I am a Lecturer in Media and Communication and active researcher in the School of Media at Birmingham City University.

My research illustrates the ways that posthuman subjectivity occurs as a permeable and fluid embodiment between human and non-human others. I have previously focused on the intersections between avatar and gamer, seeking to create empirical accounts of posthuman experience. My continuing research expands on my initial observations to explore the avatar-gamer posthuman subjectivity through different angles, such as death, technoaffect, and tomboyism, as well as moving my exploration of posthumanism into alternative areas of media and culture, including makeover TV, zombies, and music artists. My research interests are posthumanism, digital cultures, embodiment, performance in online contexts and the lived experience in research methods.

In 2017 I completed my PhD project ‘I, Posthuman: Embodying Entangled Subjectivities in Gaming’ in the School of Media and Performing Arts at Coventry University, researching the lived experience of MMORPG gaming with particular focus on the gamer as one embodiment of posthuman subjectivity. On 20th September 2017 I was delighted to pass my viva voce with no corrections.

I graduated from Aberystwyth University in 2012 with a First Class Joint Honours degree in Performance Studies and Drama with a keen interest in the performance of self in digital cultures. During my time as a PhD student these interests have expanded to include posthumanism, digital cultures, embodiment, performance in online contexts and the lived experience in research methods.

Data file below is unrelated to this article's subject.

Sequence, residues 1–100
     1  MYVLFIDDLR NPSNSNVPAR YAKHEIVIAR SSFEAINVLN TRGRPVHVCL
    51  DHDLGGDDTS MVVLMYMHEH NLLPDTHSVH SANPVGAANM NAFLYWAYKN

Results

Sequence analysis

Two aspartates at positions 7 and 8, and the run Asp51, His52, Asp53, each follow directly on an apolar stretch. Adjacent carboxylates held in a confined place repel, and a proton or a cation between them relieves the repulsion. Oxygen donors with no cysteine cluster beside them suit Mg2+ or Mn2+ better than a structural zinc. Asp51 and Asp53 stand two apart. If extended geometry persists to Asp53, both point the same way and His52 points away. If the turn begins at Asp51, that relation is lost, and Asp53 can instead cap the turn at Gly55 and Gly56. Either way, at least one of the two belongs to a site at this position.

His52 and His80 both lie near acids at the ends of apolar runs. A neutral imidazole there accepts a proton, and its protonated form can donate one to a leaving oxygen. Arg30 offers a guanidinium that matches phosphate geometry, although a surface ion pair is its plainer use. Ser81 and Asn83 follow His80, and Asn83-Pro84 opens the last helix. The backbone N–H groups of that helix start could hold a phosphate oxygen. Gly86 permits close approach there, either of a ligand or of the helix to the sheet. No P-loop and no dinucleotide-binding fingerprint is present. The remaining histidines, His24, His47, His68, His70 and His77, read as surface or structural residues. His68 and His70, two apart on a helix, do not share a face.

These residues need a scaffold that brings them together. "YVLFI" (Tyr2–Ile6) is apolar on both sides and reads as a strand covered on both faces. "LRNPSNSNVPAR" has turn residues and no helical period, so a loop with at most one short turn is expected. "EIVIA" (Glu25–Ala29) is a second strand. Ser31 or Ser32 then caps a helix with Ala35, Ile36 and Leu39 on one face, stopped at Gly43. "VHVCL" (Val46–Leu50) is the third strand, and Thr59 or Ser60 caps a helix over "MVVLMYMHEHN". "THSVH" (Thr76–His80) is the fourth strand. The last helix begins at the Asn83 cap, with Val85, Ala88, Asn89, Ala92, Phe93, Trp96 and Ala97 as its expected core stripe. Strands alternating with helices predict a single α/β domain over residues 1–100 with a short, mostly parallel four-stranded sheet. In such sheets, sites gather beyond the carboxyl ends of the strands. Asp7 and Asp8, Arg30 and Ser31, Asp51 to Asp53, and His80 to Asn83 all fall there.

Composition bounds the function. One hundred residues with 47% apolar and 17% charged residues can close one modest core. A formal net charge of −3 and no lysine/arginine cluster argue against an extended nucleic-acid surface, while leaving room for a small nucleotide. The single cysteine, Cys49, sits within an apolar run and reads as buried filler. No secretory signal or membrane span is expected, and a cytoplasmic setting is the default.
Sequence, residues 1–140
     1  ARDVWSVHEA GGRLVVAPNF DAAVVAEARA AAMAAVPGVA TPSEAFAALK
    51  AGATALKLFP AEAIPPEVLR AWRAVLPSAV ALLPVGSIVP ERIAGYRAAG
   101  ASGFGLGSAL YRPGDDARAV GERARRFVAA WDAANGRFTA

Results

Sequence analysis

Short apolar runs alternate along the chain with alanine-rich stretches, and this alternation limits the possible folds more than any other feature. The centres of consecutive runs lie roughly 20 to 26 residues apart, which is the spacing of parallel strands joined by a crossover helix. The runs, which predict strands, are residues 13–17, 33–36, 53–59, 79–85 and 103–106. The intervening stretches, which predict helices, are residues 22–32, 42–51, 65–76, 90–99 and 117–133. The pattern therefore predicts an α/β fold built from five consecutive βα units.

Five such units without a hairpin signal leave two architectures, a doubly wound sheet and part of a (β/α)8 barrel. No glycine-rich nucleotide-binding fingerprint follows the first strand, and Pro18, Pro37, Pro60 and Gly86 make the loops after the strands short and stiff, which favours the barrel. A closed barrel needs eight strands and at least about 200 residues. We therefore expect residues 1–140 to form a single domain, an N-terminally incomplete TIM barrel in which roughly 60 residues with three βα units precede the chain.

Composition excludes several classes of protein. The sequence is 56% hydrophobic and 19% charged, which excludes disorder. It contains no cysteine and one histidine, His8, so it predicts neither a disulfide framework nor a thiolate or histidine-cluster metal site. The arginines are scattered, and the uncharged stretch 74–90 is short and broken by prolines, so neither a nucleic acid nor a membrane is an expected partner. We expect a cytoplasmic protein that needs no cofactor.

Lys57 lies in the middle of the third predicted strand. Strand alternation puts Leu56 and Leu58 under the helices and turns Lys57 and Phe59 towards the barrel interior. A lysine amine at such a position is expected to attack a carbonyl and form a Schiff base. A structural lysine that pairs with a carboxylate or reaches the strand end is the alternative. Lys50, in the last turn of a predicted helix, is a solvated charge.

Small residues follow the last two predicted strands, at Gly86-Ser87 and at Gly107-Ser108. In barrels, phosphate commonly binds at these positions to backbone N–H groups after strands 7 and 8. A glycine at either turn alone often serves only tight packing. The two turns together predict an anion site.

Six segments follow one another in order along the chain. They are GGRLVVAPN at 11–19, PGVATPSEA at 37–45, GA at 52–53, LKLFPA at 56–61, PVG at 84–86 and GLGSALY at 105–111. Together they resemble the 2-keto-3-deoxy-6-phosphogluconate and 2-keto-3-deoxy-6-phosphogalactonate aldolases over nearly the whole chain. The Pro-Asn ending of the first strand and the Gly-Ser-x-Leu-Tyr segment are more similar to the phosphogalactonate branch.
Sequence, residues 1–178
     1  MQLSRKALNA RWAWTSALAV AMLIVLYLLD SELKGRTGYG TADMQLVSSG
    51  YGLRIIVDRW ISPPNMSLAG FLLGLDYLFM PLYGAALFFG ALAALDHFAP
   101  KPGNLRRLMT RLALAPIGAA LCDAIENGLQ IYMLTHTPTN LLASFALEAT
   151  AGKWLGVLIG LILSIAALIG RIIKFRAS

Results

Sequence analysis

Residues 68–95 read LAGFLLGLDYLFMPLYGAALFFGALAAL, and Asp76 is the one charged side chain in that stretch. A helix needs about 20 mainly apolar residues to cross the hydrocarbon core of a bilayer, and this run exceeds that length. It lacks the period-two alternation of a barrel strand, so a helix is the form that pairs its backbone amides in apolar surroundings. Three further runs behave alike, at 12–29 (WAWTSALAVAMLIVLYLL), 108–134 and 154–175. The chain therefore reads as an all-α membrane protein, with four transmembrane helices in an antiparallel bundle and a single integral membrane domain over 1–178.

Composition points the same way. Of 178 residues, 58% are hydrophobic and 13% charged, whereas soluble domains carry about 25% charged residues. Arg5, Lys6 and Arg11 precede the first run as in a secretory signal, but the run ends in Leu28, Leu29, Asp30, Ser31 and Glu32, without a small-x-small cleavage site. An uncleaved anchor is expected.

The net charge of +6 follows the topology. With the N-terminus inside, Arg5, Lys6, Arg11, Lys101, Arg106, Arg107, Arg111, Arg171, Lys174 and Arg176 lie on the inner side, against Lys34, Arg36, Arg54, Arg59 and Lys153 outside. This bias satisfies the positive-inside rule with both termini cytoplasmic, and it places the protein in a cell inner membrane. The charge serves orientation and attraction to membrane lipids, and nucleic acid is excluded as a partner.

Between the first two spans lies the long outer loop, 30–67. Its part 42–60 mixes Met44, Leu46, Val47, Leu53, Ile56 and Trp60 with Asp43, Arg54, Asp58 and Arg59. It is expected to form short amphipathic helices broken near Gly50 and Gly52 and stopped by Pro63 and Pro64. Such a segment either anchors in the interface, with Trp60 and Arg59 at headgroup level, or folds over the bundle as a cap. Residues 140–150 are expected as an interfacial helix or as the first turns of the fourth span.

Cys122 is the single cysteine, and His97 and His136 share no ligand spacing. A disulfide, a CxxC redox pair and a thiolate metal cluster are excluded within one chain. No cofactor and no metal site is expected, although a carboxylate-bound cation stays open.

In my second year of undergraduate study I undertook a module titled ‘Performance in Context’ where we were able to individually choose a form of performance in a particular context which we wanted to study in further depth. I decided to explore ‘Creating Character in Online Social Networks’ as I was intrigued by the performative aspects of identity presentation especially when influenced by the online disinhibition effect and as an avenue for attention seeking, performing to an online audience, an opportunity to create a perfected form of self and how that might be considered as online persona vs. a “true” self.

In my third year I went on to take a module on ‘New Media Performance’ which explored the “growing and diverse field of new media performance to question how the presence of new media and digital elements (such as virtual environments, hypertexts and avatars, as well as projected film) might lead us to reconsider key concepts within theatre and performance studies, including space/place, narrative, text and body/performer/character.” (information taken from module handbook).

Combined, these two modules were the inspiration behind my own research project which originally looked to examine the ways in which performative styles and creation of character best known in dramatic fields are transferring into digital life.

After beginning my PhD study in September 2013 my research project underwent various refinements as I incorporated my underlying interest in the interaction between humans and machines, and the ways in which our subjectivities are negotiated with and through “external” others and objects.

Alongside my research and lecturing I have continued to work as an actor, appearing in a variety of performances.